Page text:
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  1. #1
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    Warning: Vulnerabilities in TrueCrypt revealed




    ON SECURITY

    Warning: Vulnerabilities in TrueCrypt revealed


    By Tracey Capen
    Encrypting your critical data is an important part of protecting your personal information. But there are relatively few encryption options for the average PC user. One popular encryption tool was TrueCrypt, which became a dead app walking last year. Fortunately, there's a secure regularly updated alternative.

    The full text of this column is posted at WindowsSecrets.com/on-security/warning-vulnerabilities-in-truecrypt-revealed/ (opens in a new window/tab).

    Columnists typically cannot reply to comments here, but do incorporate the best tips into future columns.

  2. #2
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    The article is contrary to the conclusion of Steve Gibson, who I think can be trusted explicitly.
    see http://steve.grc.com/2014/05/30/yes-...l-safe-to-use/ and https://www.grc.com/misc/truecrypt/truecrypt.htm

  3. #3
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    Quote Originally Posted by tommy99 View Post
    The article is contrary to the conclusion of Steve Gibson, who I think can be trusted explicitly.
    see http://steve.grc.com/2014/05/30/yes-...l-safe-to-use/ and https://www.grc.com/misc/truecrypt/truecrypt.htm
    Those pages about TrueCrypt were written by Steve Gibson more than a year ago.

    These flaws were only announced within the last week: TrueCrypt critical flaws revealed: It's time to jump ship

    Two days ago, at 2:25 on his Security Now podcast, Steve Gibson said, "The news is, it is probably time to migrate away from TrueCrypt."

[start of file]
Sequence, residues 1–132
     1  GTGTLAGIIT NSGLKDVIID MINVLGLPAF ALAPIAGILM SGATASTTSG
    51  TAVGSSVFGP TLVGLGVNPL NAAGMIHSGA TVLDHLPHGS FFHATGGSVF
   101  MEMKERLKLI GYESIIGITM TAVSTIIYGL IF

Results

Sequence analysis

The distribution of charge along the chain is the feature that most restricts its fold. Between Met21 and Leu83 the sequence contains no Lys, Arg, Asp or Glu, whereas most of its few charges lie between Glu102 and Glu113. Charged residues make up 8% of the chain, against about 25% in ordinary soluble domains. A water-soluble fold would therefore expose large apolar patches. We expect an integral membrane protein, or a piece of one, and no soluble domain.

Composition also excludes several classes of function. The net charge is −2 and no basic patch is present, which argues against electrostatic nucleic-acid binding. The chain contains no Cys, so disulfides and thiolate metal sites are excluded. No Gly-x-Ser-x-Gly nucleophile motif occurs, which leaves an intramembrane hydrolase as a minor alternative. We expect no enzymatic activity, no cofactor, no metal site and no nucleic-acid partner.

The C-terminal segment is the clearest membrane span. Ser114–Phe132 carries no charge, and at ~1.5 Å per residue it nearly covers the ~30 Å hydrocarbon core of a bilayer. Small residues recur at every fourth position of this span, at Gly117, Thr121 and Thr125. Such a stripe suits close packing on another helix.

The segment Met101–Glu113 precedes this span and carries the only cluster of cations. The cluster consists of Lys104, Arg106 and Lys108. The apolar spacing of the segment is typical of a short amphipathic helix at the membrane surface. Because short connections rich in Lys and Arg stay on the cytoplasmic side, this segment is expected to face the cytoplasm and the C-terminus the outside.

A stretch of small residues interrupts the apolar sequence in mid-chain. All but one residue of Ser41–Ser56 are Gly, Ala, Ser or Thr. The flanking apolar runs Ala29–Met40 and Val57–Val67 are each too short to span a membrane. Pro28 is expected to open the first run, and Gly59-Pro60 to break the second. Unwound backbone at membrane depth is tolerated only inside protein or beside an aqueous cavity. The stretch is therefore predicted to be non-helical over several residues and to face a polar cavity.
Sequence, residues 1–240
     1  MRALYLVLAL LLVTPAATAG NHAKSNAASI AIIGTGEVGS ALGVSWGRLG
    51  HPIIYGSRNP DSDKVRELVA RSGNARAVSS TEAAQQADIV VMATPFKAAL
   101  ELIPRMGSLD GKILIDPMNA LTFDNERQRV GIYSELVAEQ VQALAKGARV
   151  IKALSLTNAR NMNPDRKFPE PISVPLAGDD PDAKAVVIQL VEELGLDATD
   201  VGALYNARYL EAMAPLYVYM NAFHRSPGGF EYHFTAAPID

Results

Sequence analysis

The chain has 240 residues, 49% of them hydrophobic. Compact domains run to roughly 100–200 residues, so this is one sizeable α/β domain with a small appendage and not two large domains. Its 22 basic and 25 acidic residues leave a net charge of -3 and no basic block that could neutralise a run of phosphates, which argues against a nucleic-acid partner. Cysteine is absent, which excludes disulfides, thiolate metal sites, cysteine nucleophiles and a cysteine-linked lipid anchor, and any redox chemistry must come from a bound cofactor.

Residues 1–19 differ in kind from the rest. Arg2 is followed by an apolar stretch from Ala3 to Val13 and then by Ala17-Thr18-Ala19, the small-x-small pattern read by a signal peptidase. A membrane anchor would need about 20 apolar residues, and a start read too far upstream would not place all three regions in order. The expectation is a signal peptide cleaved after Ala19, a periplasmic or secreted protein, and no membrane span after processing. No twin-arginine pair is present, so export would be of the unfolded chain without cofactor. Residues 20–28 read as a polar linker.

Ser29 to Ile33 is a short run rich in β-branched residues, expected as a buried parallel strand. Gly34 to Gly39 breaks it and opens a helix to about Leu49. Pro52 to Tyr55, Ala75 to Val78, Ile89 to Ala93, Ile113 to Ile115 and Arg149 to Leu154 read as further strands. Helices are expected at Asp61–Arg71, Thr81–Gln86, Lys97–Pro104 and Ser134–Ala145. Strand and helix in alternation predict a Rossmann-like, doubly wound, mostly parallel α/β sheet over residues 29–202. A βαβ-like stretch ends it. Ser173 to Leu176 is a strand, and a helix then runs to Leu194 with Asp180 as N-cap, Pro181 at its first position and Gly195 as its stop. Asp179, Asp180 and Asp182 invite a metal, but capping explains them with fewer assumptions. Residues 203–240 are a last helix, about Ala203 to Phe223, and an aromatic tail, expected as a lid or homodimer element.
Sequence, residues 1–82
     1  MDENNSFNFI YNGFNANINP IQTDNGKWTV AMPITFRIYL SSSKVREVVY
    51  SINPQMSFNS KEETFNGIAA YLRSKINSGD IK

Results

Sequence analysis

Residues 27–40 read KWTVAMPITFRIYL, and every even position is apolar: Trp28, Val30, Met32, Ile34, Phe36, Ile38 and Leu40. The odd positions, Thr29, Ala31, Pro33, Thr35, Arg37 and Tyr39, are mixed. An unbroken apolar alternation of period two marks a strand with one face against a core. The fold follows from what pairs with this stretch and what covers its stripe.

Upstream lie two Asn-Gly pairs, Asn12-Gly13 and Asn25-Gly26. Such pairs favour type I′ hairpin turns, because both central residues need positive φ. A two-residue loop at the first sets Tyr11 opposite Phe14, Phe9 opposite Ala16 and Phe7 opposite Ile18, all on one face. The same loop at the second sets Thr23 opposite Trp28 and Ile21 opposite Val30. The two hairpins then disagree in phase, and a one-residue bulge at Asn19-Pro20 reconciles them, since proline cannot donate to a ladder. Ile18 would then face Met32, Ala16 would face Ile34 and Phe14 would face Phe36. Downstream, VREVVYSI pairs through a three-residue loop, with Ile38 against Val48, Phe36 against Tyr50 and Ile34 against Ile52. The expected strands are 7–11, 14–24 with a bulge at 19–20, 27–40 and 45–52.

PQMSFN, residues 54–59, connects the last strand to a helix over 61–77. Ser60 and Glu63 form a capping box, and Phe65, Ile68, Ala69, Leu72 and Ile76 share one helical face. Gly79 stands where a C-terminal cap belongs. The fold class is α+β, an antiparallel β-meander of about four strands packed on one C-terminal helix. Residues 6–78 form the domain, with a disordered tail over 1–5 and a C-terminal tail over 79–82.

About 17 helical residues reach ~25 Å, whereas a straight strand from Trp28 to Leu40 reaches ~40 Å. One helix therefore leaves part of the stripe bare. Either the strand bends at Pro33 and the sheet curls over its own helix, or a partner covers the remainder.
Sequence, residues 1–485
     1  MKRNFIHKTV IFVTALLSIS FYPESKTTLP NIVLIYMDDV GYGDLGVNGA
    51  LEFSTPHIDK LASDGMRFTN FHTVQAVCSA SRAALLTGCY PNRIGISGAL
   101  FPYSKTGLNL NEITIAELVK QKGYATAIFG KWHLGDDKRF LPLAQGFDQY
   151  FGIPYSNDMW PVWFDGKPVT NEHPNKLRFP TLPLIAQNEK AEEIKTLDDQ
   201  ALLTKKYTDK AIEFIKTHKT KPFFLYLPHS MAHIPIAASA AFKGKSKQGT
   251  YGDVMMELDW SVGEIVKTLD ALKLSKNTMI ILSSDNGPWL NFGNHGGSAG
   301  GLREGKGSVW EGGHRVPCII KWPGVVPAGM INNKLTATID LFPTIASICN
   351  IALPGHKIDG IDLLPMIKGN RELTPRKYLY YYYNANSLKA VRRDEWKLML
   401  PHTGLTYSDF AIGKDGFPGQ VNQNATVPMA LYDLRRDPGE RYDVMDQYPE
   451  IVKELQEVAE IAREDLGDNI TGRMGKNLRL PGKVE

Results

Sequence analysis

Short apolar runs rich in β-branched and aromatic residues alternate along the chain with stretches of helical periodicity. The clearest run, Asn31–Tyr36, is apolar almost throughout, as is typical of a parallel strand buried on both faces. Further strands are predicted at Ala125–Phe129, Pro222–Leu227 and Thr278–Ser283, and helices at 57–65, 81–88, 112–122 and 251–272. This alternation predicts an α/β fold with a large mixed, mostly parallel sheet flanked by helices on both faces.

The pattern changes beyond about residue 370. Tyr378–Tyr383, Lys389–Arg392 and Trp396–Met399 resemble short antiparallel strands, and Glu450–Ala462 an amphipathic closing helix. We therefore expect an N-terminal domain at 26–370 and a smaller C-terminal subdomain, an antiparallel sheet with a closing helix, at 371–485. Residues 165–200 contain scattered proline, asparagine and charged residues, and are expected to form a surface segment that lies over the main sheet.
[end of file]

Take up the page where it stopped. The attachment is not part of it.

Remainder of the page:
He expands on the reasons later in that recent broadcast at 12:12 to 24:35, where he also recommends VeraCrypt as the alternative.

    This critical flaw doesn't affect encrypted data, but allows an avenue for future malware via privilege escalation.
    Last edited by BruceR; 2015-10-01 at 10:19. Reason: better link and times

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  5. #4
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    Exactly. Everyone paying attention knew this day would come when an exploit would come forward and Truecrypt would no longer be secure.

    Thank you Mr. Capen and Windows Secrets for alerting me that this day has arrived.

    I recently used VeraCrypt on an 850 Pro on an old travel laptop in August-Sept. because I wanted to test it out just for that reason (used 64-bit Win7 Pro). Fortunately old BIOS so I could encrypt the entire drive. I must say VeraCrypt feels somewhat slower to load up the volume once the encryption key is entered than Truecrypt. Not a huge problem as I just get it going and then work on coffee. I was getting ready to time it and then swap in Truecrypt and time it but now not much point.

    Still I enjoyed the thought of the encryption key request that quickly pops up every time the TSA inspects my cargo bag carrying my laptop. I have quite a collection of TSA "Inspected your bag" cards.
    Last edited by Fascist Nation; 2015-10-01 at 12:59.

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    I'll just raise a couple of points about encrypted volumes.

    I used TrueCrypt for awhile back in the day, but then one day it wouldn't open. The container has been corrupted. This was not a hardware issue but with the software itself. The container was dead and everything in it lost.

    This of course highlights the question of backup. You need to use imaging to back up an encrypted volume. And you need to test it to be sure it actually works.

    7-Zip is vastly more straightforward and standardized, without a lot of the complications. Always be careful of proprietary formats too.

  7. #6
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    You do not need to use an image backup for an encrypted volume as long as the backup runs after the volume is mounted. This allow you to use incremental backup rather than copy the entire volume every time.

    cheers, Paul

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    Fascist Nation (2015-10-23)

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